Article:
hide Matching Documents

The documents where this entity occurs most often are shown below. Click on a document to open it.

Document Max. Freq Min. Freq
Col. John M. Harrell, Confederate Military History, a library of Confederate States Military History: Volume 10.2, Arkansas (ed. Clement Anselm Evans) 47 3 Browse Search
Robert Underwood Johnson, Clarence Clough Buell, Battles and Leaders of the Civil War: Volume 2. 33 3 Browse Search
Colonel Charles E. Hooker, Confederate Military History, a library of Confederate States Military History: Volume 12.2, Mississippi (ed. Clement Anselm Evans) 31 1 Browse Search
John Dimitry , A. M., Confederate Military History, a library of Confederate States Military History: Volume 10.1, Louisiana (ed. Clement Anselm Evans) 24 2 Browse Search
Robert Underwood Johnson, Clarence Clough Buell, Battles and Leaders of the Civil War: The Opening Battles. Volume 1. 11 3 Browse Search
Official Records of the Union and Confederate Armies, Chapter XXII: Operations in Kentucky, Tennessee, North Mississippi, North Alabama, and Southwest Virginia. March 4-June 10, 1862., Part II: Correspondence, Orders, and Returns. (ed. Lieut. Col. Robert N. Scott) 8 2 Browse Search
Col. O. M. Roberts, Confederate Military History, a library of Confederate States Military History: Volume 11.1, Texas (ed. Clement Anselm Evans) 6 0 Browse Search
Robert Underwood Johnson, Clarence Clough Buell, Battles and Leaders of the Civil War. Volume 4. 5 1 Browse Search
The Daily Dispatch: March 24, 1862., [Electronic resource] 5 1 Browse Search
The Photographic History of The Civil War: in ten volumes, Thousands of Scenes Photographed 1861-65, with Text by many Special Authorities, Volume 10: The Armies and the Leaders. (ed. Francis Trevelyan Miller) 4 0 Browse Search
View all matching documents...

Browsing named entities in John Dimitry , A. M., Confederate Military History, a library of Confederate States Military History: Volume 10.1, Louisiana (ed. Clement Anselm Evans). You can also browse the collection for Louis Hebert or search for Louis Hebert in all documents.

Your search returned 13 results in 2 document sections:

ard in command succeeded by Bragg Battles of Iuka and Corinth March into Kentucky battle of Perryville. On May 20, 1861, the Third Louisiana volunteers, Louis Hebert, colonel; S. M. Hyams, lieutenant. colonel, and W. F. Tunnard, major, left New Orleans for Little Rock, Ark., to join the forces then organizing to meet the a August 10th, the combined forces were suddenly attacked by Lyon and Sigel. The Federals gained without much opposition the commanding position they desired, but Hebert's Louisianians and McIntosh's Arkansans were speedily sent against the Federal left. Their opponents were a body of regular United States troops; but these freshrt Smith, and on March 7, 1862, participated in the battle of Elkhorn Tavern, in McCulloch's division. The day was disastrous, McCulloch and McIntosh killed, and Hebert, in command of a brigade, captured; but the gallantry of the Third regiment was conspicuous. The enemy's attacks were repulsed repeatedly, Captain Harris, leadin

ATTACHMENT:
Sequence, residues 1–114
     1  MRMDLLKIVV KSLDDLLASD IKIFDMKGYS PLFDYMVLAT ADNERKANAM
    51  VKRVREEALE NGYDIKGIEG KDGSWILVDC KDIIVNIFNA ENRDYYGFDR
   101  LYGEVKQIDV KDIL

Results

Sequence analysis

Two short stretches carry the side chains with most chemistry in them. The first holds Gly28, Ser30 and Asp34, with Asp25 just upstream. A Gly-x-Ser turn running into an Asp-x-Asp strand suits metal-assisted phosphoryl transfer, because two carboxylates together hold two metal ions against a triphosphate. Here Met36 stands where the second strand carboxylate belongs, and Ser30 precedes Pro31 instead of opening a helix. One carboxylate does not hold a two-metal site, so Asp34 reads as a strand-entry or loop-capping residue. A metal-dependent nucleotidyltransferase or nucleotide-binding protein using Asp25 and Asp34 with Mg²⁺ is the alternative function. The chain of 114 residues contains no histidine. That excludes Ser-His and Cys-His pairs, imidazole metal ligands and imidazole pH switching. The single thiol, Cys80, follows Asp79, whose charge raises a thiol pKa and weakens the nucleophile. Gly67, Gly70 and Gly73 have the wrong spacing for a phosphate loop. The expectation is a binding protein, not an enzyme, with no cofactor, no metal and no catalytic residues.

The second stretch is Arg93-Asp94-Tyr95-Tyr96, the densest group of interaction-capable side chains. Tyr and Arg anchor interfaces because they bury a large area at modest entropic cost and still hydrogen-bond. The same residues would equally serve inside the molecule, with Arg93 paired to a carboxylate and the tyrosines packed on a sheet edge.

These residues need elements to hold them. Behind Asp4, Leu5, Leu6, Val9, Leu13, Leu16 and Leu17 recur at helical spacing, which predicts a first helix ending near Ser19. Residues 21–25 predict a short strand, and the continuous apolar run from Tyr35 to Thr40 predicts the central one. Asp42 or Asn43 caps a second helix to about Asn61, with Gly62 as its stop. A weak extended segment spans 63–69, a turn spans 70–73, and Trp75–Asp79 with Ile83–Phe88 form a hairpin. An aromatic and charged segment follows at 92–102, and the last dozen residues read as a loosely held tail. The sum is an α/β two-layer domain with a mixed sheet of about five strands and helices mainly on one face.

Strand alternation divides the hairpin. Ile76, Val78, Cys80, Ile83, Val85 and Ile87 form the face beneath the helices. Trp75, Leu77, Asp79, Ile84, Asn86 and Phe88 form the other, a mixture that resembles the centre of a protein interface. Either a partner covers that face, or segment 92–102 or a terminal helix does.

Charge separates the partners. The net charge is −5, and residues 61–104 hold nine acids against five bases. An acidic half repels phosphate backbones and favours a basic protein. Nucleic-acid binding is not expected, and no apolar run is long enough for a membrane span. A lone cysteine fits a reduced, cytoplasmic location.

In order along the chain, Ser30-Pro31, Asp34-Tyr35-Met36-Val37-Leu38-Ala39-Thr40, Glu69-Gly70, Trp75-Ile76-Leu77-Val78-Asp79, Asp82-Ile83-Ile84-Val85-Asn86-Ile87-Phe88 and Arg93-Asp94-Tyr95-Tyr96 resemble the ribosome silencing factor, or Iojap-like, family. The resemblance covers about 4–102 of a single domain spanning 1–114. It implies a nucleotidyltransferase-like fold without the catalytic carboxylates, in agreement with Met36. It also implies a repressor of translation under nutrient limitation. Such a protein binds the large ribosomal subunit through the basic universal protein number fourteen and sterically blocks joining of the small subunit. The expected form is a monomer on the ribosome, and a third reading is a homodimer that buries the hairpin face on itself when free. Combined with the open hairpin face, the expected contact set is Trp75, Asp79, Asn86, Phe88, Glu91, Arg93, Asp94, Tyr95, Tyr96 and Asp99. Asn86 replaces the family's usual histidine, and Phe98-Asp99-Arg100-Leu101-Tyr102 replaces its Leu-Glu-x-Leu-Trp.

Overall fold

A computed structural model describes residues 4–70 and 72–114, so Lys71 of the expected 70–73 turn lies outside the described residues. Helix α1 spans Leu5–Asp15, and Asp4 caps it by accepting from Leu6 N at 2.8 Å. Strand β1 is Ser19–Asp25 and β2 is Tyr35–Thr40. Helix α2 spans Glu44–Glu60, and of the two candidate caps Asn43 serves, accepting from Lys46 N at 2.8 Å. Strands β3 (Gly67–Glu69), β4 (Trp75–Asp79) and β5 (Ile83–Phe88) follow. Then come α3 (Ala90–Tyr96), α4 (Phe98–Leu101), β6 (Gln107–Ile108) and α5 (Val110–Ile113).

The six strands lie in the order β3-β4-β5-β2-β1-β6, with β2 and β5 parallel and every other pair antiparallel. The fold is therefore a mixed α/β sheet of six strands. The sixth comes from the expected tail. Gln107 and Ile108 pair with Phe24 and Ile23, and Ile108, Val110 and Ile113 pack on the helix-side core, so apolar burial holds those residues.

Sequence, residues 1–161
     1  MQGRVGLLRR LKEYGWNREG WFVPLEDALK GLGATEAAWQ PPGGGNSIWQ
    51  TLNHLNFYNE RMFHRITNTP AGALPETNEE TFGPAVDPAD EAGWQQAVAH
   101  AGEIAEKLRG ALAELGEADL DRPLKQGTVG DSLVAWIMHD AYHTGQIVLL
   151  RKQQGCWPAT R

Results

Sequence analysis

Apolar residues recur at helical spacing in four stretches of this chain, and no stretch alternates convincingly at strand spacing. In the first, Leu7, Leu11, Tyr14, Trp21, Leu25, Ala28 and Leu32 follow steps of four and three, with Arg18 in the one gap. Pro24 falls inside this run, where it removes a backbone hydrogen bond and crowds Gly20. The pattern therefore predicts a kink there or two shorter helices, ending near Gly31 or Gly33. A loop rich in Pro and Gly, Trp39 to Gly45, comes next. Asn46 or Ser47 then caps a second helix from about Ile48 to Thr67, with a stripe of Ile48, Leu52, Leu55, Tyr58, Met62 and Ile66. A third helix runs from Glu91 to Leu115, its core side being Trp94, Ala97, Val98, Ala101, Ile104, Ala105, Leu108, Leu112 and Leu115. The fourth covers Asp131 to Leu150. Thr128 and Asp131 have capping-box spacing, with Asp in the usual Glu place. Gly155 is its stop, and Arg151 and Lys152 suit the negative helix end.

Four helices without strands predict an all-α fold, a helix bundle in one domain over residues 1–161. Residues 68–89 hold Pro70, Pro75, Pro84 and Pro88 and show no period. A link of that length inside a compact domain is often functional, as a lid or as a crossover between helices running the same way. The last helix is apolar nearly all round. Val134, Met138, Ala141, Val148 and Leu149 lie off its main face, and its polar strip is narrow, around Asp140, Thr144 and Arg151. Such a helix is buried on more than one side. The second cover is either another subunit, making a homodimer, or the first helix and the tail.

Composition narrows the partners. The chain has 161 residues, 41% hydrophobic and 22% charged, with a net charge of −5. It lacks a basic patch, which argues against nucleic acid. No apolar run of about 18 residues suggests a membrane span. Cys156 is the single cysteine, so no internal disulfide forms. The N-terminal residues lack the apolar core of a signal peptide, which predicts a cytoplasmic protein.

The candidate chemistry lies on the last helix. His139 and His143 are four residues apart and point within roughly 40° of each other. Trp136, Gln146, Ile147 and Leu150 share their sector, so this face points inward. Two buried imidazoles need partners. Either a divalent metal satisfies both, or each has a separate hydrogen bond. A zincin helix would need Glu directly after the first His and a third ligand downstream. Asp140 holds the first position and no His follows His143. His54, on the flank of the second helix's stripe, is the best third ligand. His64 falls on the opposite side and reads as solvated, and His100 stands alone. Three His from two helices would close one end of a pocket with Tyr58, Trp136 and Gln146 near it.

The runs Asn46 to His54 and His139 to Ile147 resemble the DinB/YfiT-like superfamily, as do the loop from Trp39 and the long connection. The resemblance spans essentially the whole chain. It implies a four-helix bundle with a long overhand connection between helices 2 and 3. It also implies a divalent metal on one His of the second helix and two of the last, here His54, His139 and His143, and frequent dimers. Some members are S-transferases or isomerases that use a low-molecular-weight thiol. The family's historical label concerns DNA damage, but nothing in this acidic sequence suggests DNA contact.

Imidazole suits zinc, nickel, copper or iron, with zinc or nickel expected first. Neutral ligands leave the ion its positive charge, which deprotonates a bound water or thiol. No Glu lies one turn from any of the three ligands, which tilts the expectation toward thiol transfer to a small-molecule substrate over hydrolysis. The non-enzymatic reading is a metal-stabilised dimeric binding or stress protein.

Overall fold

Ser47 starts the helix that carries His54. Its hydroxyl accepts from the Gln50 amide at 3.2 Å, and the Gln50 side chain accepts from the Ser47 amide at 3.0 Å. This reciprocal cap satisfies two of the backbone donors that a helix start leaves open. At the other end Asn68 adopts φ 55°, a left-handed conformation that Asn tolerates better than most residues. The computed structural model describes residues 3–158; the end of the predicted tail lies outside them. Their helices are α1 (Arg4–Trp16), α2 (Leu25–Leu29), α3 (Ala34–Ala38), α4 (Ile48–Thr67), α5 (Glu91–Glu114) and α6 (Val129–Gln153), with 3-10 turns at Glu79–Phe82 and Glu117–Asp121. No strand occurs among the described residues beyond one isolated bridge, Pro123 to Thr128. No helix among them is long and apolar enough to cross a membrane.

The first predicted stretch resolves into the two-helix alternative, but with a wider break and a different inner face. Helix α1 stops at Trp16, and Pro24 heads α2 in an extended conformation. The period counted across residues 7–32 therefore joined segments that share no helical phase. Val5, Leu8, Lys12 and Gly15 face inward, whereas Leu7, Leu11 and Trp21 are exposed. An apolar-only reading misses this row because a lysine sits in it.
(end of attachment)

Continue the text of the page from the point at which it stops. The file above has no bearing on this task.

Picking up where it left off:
ntil his death August 21, 1876. Brigadier-General Louis Hebert Brigadier-General Louis Hebert Brigadier-General Louis Hebert was born in Louisiana. He was a cadet at West Point from 1841 to 1845, when he was graduated as brenemy. McCulloch and McIntosh were killed, and Hebert with a number of his officers and men were captured. On May 26, 1862, Colonel Hebert was commissioned as a brigadier-general, and after having be in north Mississippi. At the battle of Iuka, Hebert's brigade bore the brunt of the attack by Rosenear daylight of the next morning. After this Hebert was for a time in command of Little's divisione command of General Pemberton, whose fortunes Hebert and his men shared in the battles and siege oficksburg. After the fall of that heroic city, Hebert's brigade was, as soon as exchanged, assigned to the army of Tennessee, while General Hebert was sent to North Carolina and put in charge of the hose of the war. After the return of peace, General Hebert went back to his home in Louisiana and res